Published February 27, 2013
Major League Baseball training camps are springing into action as players and coaches hit the fields to kickoff the 2013 season. Pre-season games in the Florida-based Grapefruit League and the Arizona-based Cactus League attract millions of fans each year, driving tourism and boosting revenue for local economies.
A study conducted by FMR Associates estimated out-of-area fans added $422 million in direct economic benefit to the state of Arizona, up $112 million from 2007, while the Bonn Marketing Research Group released a study showing the Grapefruit League added $753 million to Florida’s economy.
Spring training’s lucrative economic impact is sparking a battle between Florida and Arizona to keep teams from relocating. In less than 10 years, six teams have left the “Sunshine State” in favor of “The Grand Canyon State.”
After playing spring ball in Florida for decades, the Texas Rangers and Kansas City Royals triggered the migration from the Grapefruit League nine years ago. Both teams relocated to Surprise, AZ, where a new $48.3 million Surprise Stadium ballpark was built. The Reds, Indians, Dodgers and White Sox each followed suit and the Cactus League is now home to half of the Major League’s 30 teams.
And leases for five more teams will be up for renewal in Florida over the next few years, prompting the state to campaign for teams to stay. Florida Governor Rick Scott spent the day at the spring training home of the Detroit Tigers, proposing a $5 million annual fund to be used for team facilities.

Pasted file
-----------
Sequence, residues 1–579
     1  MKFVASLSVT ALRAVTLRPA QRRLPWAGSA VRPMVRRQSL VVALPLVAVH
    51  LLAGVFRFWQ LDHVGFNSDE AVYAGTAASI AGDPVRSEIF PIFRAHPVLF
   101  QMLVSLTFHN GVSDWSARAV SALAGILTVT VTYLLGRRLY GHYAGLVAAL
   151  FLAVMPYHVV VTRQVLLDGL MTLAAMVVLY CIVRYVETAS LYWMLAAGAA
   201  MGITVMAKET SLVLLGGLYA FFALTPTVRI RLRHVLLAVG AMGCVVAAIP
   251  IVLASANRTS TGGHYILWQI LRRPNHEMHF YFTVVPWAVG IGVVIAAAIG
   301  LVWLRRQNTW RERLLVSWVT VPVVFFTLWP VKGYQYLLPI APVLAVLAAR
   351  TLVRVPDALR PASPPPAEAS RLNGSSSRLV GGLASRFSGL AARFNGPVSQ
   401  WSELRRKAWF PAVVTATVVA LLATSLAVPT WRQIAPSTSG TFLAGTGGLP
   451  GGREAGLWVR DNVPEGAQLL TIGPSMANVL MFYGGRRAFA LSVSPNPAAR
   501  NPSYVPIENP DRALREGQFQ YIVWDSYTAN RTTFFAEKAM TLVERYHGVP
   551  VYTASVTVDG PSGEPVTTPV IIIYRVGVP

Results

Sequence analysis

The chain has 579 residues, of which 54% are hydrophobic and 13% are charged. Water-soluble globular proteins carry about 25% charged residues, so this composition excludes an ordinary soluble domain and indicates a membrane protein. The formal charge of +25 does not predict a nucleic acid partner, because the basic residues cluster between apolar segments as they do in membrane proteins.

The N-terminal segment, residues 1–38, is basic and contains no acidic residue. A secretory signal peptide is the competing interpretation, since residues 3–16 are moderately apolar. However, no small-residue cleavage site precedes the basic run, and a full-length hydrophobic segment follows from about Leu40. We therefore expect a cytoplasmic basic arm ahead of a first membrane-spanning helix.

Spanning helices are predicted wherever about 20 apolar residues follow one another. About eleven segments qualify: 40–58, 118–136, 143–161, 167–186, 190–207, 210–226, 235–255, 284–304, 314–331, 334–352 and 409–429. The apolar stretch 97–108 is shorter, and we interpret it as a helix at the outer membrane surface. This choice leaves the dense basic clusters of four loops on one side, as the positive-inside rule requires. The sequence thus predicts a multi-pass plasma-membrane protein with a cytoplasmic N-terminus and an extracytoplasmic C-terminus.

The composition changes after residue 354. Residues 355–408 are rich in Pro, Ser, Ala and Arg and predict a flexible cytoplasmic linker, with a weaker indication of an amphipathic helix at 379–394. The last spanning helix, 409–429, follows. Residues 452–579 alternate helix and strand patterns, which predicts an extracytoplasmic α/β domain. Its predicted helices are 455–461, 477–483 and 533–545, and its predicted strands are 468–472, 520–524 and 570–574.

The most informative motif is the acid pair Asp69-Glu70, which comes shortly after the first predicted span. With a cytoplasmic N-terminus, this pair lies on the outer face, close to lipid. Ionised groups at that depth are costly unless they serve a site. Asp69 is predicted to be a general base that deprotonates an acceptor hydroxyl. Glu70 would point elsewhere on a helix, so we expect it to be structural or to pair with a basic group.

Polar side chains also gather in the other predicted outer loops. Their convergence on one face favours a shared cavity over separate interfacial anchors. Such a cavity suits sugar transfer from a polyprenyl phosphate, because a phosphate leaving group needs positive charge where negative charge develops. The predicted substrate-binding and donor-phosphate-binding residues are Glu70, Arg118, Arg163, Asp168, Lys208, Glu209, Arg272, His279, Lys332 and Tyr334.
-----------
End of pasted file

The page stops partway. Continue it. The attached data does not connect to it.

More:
“Teams want to have great stadiums. They want to be able to make sure their players can train well here and can rehab well here,” said Gov. Scott. “They know that Florida with its 89 million tourists per year is a great place for their fans to come. That’s why we have such a history of spring training.”
Florida State Senator Jack Latvala added the funding will help maintain a quality spring training season while creating and supporting jobs.
Also, the Florida Sports Foundation is pledging its commitment to keep spring training in Florida. “It’s a very important part of Florida’s community and economy,” said John Webb, Florida Sports Foundation President. “About 1.6 million fans attended spring training games in Florida last year and 61% were out-of-state visitors. It’s a huge economic driver for the state.”
The Florida Sports Foundation is currently working on creating a trust fund for counties with spring training teams to assist with ground upkeep, stadium renovations and other construction.
This year marks the 125th anniversary of MLB’s spring training in Florida.